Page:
ba clear creek graphic 150x150 Asbestos hazard forces 31,000 acre land closingApproximately 31,000 acres of public land in California’s Clear Creek Management Area (CCMA) have been closed to all forms of entry and public use by the U.S. Department of the Interior Bureau of Land Management, based on the results of an Environmental Protection Agency CCMA Asbestos Exposure and Human Health Risk Assessment. The closure order was issued by the Bureau on May 1.

The closure order states, “This closure is necessary to protect public land users from human health risks associated with exposure to airborne asbestos in the CCMA based upon a final report issued by the Environmental Protection Agency that concludes that public use activities could expose an individual to excess lifetime cancer risks. The order will remain in effect while the BLM completes a Resource Management Plan for the CCMA to determine if and how visitor use can occur without associated health risks.”

The risk in this area comes from natural deposits of asbestos. Asbestos is linked to mesothelioma, a deadly lung cancer.

The San Francisco Chronicle, on the web site, quotes Jere Johnson, a project manager with the EPA, as saying, “Frankly, we were surprised at how high the levels of asbestos are at Clear Creek. What we found is that there is a lot of asbestos in the soil, and when you disturb the soil it poses a health risk.”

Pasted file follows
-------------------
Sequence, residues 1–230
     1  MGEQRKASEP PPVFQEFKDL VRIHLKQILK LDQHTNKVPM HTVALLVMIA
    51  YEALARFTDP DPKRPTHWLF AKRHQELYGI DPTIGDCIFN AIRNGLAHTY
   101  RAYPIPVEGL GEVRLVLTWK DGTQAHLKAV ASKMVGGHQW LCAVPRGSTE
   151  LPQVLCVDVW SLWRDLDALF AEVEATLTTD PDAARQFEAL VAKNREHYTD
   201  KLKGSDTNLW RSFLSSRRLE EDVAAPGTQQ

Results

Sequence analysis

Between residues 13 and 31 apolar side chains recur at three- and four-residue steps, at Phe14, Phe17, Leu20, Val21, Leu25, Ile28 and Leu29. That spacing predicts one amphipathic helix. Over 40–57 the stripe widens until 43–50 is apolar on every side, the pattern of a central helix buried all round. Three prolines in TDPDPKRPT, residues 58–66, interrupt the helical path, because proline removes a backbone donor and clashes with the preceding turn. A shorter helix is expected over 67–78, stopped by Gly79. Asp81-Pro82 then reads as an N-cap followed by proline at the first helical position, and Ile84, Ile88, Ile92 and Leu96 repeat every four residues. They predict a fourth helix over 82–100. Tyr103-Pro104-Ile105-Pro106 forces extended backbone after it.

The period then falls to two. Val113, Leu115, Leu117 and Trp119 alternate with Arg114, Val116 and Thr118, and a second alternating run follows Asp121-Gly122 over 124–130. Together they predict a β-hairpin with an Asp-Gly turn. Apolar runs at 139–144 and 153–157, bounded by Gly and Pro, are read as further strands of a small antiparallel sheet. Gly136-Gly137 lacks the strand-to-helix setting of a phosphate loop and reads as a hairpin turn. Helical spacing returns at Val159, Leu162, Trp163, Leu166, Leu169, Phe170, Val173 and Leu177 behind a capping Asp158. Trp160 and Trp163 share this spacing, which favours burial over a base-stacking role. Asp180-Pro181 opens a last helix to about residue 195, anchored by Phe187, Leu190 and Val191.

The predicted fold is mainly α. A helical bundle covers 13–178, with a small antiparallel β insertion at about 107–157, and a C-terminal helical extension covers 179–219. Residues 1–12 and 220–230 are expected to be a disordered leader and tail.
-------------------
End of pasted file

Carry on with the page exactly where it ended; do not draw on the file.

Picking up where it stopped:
Chronicle reporter Carolyn Jones says outdoor enthusiasts are not happy about the area’s closing, and are skeptical of the danger. She quotes Don Amador, Western representative for the Blue Ribbon Coalition, an outdoor advocacy group, as saying, “It’s unprecedented, as far as public land issues go. We’re going to want to fight it, either administratively or in court.”

The article says the area will most likely be off-limits for at least a few years, while the Bureau of Land Management completes its own study.

There will be a public meeting tonight at the Santa Clara Convention Center, 5001 Great America Parkway, from 6-9 p.m. There also will be an open house from 3-5 p.m. Additional meetings will be held from 6-8 p.m. May 19 at Veterans’ Memorial Hall, 649 San Benito Street in Hollister; and 6-8 p.m. May 21 at the Martin Luther King Jr. Library, Room 225, 150 E. San Fernando Street, San Jose.

If you live in the area, please let me know if you attend any of these meetings. We will follow this issue and let you know if there are new developments.

LCA lobbies for lung cancer funding, awareness

21 Mar 2008 by under Organizations, People